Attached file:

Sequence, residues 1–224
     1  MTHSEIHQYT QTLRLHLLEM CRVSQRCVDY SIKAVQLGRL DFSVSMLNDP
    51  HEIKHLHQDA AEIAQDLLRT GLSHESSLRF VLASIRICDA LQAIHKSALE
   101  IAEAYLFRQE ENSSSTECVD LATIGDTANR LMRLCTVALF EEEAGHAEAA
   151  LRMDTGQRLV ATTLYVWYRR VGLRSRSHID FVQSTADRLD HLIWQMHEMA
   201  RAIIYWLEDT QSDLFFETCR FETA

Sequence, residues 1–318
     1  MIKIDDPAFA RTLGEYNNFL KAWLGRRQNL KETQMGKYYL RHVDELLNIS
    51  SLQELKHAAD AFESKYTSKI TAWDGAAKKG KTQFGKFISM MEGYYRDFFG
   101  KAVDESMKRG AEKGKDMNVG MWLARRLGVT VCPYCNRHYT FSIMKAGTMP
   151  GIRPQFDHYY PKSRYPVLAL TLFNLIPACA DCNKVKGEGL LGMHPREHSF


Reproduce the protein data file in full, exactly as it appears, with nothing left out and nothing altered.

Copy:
Sequence, residues 1–224
     1  MTHSEIHQYT QTLRLHLLEM CRVSQRCVDY SIKAVQLGRL DFSVSMLNDP
    51  HEIKHLHQDA AEIAQDLLRT GLSHESSLRF VLASIRICDA LQAIHKSALE
   101  IAEAYLFRQE ENSSSTECVD LATIGDTANR LMRLCTVALF EEEAGHAEAA
   151  LRMDTGQRLV ATTLYVWYRR VGLRSRSHID FVQSTADRLD HLIWQMHEMA
   201  RAIIYWLEDT QSDLFFETCR FETA

Sequence, residues 1–318
     1  MIKIDDPAFA RTLGEYNNFL KAWLGRRQNL KETQMGKYYL RHVDELLNIS
    51  SLQELKHAAD AFESKYTSKI TAWDGAAKKG KTQFGKFISM MEGYYRDFFG
   101  KAVDESMKRG AEKGKDMNVG MWLARRLGVT VCPYCNRHYT FSIMKAGTMP
   151  GIRPQFDHYY PKSRYPVLAL TLFNLIPACA DCNKVKGEGL LGMHPREHSF